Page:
The latest Magic premium deck, Graveborn, came out a few weeks ago, and it’s packed with graveyard filling goodies. They’re all decked out with special foil treatments, too. I’m just not quite sure who these decks are for.
Magic’s premium deck series is a pretty cool concept. They build a constructed deck using cards from across Magic’s history (except those on the reserve list), following a particular theme like Slivers or Fire & Lightning. Then they seriously fancy up the cards with a special premium foiling process that makes them far shinier and impressive than your typical foil.
Conceptually, that’s fantastic. I love the decks, and I love the sweet cards they put in them. I’m just not sure what they think people do with them. You can’t really play them against any other decks — they’d crush the average preconstructed theme deck, and even the other premium decks match up poorly. The Slivers deck is insane, and the Graveborn deck would obliterate Fire & Lightning.
The decks are a little too expensive to appeal to the casual player, so the typical person who buys one of these is going to immediately disassemble it and use the cards to jazz up their Cubes or Commander decks. Oddly, Wizards already has a product aimed at that market, the From the Vaults series. FtV sets are simple reprints with some new art and fancy foils — they aren’t built into decks, so you don’t end up with bizarre and unnecessary things like a pimped out premium foil Ebon Stronghold. It actually looks really cool, but who is ever going to use that?
Despite being puzzled at the market for premium decks, I’m glad they exist, and I’m super glad they made Graveborn. I love reanimator decks and this thing is a perfect example. It’s got a bunch of ridiculously huge, powerful creatures, a bunch of ways to send them off to graveyardland, and many cards that will bring them straight to the battlefield while skipping the whole pesky “paying their casting cost” part, which is only for suckers anyway. So you Entomb your Inkwell Leviathan on turn one, then play Animate Dead on turn two, then win. Can you see why these decks are horribly unbalanced compared to any other preconstructed deck product? Awesome, but honestly not a lot of fun around the kitchen table.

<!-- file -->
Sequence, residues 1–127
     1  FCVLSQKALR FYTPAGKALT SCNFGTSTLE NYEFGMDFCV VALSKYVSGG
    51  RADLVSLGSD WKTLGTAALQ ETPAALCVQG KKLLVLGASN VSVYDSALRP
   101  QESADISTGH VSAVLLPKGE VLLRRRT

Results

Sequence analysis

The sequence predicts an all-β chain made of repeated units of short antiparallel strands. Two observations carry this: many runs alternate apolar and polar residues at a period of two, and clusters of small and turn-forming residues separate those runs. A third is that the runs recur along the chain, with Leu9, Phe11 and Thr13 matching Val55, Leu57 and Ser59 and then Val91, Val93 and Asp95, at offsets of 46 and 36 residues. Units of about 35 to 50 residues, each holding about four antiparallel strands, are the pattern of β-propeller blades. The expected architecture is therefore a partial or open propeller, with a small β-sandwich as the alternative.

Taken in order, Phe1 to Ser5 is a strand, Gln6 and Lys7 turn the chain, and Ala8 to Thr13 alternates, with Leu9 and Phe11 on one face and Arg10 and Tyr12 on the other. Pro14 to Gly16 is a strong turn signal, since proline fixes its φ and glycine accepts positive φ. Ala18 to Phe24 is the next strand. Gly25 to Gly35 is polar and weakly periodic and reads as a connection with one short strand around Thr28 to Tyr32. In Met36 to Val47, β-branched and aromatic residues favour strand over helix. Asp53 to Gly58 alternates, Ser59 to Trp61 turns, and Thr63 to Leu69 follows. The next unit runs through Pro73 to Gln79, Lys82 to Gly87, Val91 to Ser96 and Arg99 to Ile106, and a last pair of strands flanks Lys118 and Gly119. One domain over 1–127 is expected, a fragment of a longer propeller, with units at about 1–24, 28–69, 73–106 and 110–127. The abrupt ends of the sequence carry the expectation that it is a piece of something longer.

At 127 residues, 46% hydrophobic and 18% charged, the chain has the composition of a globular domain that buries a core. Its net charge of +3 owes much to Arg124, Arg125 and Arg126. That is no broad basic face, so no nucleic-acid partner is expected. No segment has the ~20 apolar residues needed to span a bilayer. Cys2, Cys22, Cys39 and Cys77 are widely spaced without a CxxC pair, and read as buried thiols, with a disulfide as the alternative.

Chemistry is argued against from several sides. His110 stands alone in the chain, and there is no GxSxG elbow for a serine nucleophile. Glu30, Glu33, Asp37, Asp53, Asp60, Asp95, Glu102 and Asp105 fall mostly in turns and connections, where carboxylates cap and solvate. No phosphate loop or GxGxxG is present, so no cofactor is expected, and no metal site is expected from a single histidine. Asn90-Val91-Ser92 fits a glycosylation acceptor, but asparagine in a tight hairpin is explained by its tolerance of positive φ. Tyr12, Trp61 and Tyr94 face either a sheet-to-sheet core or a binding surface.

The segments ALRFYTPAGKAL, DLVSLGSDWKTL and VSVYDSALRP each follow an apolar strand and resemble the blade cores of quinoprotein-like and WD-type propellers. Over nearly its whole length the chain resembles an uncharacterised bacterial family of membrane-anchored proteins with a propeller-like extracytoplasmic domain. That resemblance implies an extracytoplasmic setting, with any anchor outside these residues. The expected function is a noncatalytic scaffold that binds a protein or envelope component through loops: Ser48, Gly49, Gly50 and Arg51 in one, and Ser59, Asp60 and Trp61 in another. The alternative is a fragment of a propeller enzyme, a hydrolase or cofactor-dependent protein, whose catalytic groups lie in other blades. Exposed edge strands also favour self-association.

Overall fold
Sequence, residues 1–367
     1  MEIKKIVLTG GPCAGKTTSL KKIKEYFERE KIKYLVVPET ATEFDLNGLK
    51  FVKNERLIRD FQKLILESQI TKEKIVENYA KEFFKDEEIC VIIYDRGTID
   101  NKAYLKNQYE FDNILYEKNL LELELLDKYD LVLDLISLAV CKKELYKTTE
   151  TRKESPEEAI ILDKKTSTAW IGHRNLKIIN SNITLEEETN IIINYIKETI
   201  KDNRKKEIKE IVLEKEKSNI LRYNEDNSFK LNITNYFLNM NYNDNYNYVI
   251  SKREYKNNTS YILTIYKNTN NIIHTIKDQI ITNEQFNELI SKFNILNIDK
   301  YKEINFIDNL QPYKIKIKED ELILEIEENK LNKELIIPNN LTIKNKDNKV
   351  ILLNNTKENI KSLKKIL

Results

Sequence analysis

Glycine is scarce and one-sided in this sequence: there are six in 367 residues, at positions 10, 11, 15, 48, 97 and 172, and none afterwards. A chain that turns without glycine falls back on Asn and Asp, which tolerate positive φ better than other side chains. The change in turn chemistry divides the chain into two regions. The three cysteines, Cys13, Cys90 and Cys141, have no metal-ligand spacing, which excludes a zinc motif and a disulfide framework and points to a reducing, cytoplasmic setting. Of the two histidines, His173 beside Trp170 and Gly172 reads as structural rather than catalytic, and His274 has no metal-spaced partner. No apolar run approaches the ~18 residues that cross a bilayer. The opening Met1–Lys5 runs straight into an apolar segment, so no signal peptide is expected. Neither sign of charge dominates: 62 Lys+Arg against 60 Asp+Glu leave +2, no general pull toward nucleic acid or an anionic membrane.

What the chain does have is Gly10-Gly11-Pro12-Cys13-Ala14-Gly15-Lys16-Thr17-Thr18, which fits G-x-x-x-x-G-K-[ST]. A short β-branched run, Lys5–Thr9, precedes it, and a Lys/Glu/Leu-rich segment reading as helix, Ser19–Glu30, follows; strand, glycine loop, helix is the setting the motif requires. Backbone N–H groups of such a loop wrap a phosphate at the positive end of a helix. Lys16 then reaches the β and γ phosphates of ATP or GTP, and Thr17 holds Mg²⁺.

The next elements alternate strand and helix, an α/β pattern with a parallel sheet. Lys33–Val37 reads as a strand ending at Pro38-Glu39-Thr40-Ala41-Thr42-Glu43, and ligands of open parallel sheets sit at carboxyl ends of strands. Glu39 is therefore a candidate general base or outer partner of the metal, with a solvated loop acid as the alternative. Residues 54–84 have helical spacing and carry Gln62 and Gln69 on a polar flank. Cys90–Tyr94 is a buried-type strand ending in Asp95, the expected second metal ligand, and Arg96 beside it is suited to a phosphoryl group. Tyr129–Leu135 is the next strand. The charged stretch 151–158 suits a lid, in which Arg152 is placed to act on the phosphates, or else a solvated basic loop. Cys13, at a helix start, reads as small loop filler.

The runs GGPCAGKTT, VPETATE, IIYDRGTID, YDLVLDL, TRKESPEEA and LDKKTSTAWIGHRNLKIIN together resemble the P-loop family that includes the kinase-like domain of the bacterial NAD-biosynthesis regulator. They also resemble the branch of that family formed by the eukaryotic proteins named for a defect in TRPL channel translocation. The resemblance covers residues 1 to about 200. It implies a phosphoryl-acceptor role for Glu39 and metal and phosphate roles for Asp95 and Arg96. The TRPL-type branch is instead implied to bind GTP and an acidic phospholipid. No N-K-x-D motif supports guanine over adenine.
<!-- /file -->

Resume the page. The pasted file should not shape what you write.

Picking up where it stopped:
From the “I just want sweet foils for my Commander deck” perspective, these cards do look pretty sweet. Graveborn suffers slightly from the drawback that black cards don’t as good in foil as other colors — I always think they look a bit washed out, and I actually avoid black foils because of this. The premium foiling improves this somewhat, but they still look a little faded, particularly the card frame. On the other hand, there are a bunch of non-black cards in here that are mind-blowingly awesome. The foil Blazing Archon is a thing of beauty, and the premium foil versions of those Innistrad swamps with the graveyard on them look so good I want to buy 10 copies of Graveborn just so I can outfit an entire deck with them. I do wish they’d used the original art for Animate Dead. It’s nice to have a new version of a classic card, but that art is iconic, and it would have been great to have a foil version of it. The new art for Crosis, the Purger is really cool, though, and that should make Commander players very happy.
Graveborn also comes with a custom life counter, a spin-down D20 with the Graveborn emblem in place of the 20. The emblem is a skull, which also appears as the set symbol on all the cards. A skull D20 is very cool.
This is simple: if you’re in the market for some aesthetic upgrades to any of the cards in Graveborn, buying this will make your Commander deck or Cube extra special. Head over to the official Graveborn guide to see the full decklist and decide if there’s enough bling in here to make it worth your while.